Do you feel that your brand should be thinking about creating an offline experience as well? Here’s what we’ve seen: it does not always work out well (read this peace in het Financieele Dagblad about the CEO of toy store Intertoys promising escape rooms and karaoke rooms in all its stores, to great surprise of all the franchise holders who were not having the square meters available for such ideas).

Here’s a few tips from us:

  1. Stick to your brand. No in store DJ when you’re not selling music. No espresso corner when you sell kids clothing. Create an experience that fits your brand.
  2. Be unique. A glass of prosecco for people trying on a new pair of shoes is not.
  3. Good service is more important than having an experience. Meaning: good service can be the experience.
  4. Better than having a small corner with your unique experience in every store, it is worth creating one dedicated flagship experience store.

Do you want to know more about what FSG does, and what we can do for your company? Read more about us here, or contact us here.

German consumers meet IXXI

Berlin – The Dutch wall decoration brand IXXI and FSG have been working behind the scenes the past months to give IXXI a booming introduction in Germany. We’re excited to announce that starting this week, FSG takes on all online marketing activities on the German market.

IXXI was founded nine years ago by three friends in the Dutch city of ’s-Hertogenbosch, and gives customers the opportunity to create personalized wall decorations that are easily adjustable. IXXI has since helped thousands of Dutch clients decorating their home in a personalized way. The separate pictures are put together by colorful connectors.

Next stop: Germany!
Ruud van den Akker, general manager of IXXI in the Netherlands, explains why Germany was high on the list of countries that IXXI wanted to expand to: ‘German people, like the Dutch, love spending time inside their homes. The German economy is strong, and people are used to buying things online. Also, IXXI is a product that is being shipped on demand. So, geographically, expanding to Germany makes sense, too. We don’t want the shipping and handling of an IXXI to take weeks. When we send IXXI’s from the Netherlands to Germany, it won’t.’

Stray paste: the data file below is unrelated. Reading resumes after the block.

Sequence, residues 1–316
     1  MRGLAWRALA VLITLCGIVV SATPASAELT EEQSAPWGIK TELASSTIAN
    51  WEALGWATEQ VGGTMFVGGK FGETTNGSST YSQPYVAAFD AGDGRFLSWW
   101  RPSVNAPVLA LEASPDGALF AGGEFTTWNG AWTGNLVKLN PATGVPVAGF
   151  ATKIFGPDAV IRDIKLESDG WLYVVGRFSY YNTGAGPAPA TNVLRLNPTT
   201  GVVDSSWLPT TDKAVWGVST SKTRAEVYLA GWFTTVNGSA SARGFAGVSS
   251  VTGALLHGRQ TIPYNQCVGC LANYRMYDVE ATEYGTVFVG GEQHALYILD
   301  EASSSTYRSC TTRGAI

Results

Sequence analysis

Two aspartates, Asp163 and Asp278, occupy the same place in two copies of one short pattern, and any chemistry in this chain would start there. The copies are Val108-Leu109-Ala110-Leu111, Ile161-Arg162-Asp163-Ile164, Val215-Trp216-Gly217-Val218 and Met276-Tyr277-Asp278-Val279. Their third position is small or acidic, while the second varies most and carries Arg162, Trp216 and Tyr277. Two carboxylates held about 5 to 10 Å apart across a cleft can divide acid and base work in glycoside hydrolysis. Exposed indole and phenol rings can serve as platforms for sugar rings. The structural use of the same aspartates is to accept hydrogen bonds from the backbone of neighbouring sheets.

Feeling at home
Van den Akker says that he is looking forward most to seeing what kind of eye catching IXXI designs German customers will make on the IXXI website. ‘It would be great if the German customers, too, really see the value of our product, if German customers realize that a personalized design in their living room will give them a feeling of comfort. Since we are living in a high demanding society, I see it as an absolute necessity to have a strong sense of home when being at home. IXXI will make that easier.’

‘German and Dutch clients have lots in common’, says Van den Akker. ‘However, German clients are slightly less sensitive to impulsively buying goods. It looks like they want to read more reviews from other customers before they purchase a product, and it seems that Germans are more interested in detailed explanations about the product and company.’

‘When we were still in the research phase to find out if and how IXXI would fit the German market, we already got excited about this brand. We truly believe that IXXI is a product of which German clients will soon realize they’ve always wanted to have something like this in their homes’, says Aydan Bahadir, country manager for IXXI at FSG.

‘Here at FSG, we value the quality and originality of a product we represent in Germany. IXXI matches our standards. IXXI blends into our portfolio easily. They also embrace our idea of working with brands for the long run. We are very excited to be working with them’, says Radboud Langenhorst, managing director at FSG.

Do you want to find out what FSG can do for your company? Read more about us here, or contact us here.